Monday, May 29, 2006

"El Duque" joins Mets all-nickname team


Orlando "El Duque" Hernandez has been with the Mets for a week, and he’s already assumed a valuable spot.

Of course, I’m talking about the Mets’ All-Nickname team.

Nicknames are an important part of baseball, the Mets have had some of the best, especially in those early years.
But first the ground rules: No one makes the team with a lame Chris Berman name. By and large, I think they’re dopey and not something an average fan would throw out there.

A proper nickname has to roll off the tongue and be universally recognized and even stand on it’s own. When you say "The Franchise," everybody knows who you are talking about.

Another rule: Shortened last names don’t count. Sorry "Straw" and "Maz." There's one near exception, and we'll get to that in a minute.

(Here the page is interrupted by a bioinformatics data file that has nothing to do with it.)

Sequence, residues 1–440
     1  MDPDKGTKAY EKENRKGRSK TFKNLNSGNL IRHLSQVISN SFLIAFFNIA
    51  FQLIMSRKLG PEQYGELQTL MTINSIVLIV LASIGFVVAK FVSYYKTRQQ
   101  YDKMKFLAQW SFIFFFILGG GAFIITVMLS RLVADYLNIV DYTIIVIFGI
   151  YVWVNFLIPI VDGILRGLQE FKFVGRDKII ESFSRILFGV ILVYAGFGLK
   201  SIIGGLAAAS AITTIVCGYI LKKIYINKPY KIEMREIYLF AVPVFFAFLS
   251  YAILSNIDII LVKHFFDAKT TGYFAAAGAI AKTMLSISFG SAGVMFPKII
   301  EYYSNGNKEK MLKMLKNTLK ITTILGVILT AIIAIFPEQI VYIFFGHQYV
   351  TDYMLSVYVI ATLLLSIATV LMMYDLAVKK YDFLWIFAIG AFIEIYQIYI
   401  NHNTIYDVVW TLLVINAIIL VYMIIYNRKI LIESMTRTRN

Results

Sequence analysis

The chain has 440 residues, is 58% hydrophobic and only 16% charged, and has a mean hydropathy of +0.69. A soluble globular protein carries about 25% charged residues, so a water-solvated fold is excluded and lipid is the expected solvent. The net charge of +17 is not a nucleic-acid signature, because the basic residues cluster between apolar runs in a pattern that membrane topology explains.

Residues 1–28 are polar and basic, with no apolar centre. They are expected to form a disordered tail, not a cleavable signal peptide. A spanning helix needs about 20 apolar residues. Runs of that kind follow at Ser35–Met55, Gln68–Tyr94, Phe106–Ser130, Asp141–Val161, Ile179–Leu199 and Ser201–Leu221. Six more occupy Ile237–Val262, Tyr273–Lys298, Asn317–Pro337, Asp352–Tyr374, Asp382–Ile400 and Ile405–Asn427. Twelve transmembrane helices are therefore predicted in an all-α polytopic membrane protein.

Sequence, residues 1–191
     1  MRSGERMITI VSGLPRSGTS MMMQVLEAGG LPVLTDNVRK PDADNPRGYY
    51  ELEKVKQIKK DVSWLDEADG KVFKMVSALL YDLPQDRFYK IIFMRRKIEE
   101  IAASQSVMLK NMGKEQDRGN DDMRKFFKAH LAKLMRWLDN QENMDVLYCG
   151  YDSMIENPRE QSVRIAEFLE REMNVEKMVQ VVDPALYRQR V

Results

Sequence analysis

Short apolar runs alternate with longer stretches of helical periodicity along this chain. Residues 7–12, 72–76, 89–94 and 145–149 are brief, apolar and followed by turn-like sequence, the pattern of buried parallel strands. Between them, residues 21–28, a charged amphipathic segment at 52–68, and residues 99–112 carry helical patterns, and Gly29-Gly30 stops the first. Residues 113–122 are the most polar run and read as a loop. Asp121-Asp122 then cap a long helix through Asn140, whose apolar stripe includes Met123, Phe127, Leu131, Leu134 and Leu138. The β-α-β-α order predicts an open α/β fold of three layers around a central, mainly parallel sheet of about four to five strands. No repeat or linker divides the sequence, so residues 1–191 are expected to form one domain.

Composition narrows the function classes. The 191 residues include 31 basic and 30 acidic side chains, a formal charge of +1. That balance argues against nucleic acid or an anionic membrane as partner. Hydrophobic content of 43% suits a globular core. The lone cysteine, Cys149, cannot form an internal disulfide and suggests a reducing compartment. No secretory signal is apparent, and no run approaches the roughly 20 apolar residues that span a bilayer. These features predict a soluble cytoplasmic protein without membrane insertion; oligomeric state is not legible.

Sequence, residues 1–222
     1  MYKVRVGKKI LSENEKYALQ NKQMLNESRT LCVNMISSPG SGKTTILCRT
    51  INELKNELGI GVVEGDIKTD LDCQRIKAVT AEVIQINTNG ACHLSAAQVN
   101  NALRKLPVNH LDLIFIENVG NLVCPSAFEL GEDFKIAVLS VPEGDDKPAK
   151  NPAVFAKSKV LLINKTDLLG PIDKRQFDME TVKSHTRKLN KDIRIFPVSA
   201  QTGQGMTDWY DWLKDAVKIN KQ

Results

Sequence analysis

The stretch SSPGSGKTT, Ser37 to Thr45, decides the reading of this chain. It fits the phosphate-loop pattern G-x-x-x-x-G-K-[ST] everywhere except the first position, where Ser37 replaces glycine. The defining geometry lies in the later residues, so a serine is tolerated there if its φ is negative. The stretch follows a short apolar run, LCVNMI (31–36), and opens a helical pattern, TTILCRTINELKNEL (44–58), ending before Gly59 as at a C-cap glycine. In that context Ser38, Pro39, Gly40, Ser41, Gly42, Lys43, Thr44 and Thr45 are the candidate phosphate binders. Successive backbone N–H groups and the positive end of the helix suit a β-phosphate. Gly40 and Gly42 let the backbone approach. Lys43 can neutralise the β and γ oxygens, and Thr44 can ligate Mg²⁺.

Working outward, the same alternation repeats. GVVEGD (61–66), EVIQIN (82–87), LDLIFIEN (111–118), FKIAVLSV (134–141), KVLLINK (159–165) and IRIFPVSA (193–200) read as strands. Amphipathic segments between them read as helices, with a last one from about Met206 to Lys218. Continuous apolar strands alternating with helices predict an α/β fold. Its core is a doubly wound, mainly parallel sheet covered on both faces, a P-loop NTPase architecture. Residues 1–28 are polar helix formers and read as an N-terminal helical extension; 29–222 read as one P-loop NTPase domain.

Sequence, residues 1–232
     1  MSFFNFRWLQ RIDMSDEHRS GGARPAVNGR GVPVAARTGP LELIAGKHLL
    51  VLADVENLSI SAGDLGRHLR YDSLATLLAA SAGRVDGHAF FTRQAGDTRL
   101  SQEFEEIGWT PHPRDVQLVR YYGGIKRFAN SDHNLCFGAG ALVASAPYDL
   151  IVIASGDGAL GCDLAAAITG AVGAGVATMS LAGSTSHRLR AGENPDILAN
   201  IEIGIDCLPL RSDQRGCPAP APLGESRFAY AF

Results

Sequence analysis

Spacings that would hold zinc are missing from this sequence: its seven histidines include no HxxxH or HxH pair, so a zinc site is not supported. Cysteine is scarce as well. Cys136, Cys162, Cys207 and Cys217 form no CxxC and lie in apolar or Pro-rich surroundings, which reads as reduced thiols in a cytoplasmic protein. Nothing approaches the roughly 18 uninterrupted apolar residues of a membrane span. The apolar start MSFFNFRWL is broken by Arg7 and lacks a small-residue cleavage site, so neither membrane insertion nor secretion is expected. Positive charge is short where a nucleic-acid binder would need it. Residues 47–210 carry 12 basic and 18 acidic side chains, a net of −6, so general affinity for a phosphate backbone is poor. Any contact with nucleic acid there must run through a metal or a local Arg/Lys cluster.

First Base: “Marvelous Marv" Throneberry
If there was ever a man destined to be a Met, it was Marvin Eugene Throneberry. His play left something to be desried. OK, a lot to be desired. But Marv was a colorful guy, and all we had in those early years was color. The other option was Dave "Kong" Kingman, but I just don't like him very much.

Second base: Elijah Jerry “Pumpsie” Green
Green is famous for integrating the Red Sox, but he closed out his career by appearing in 17 games for the 1963 Mets, hitting .278 with one homer. He came in a trade with Tracy Stallard for Felix Mantilla, a trifecta of unusual names. The Sox later restored blandness by adding a guy named Al Moran as the player to be named later.

Third base: Howard “HoJo” Johnson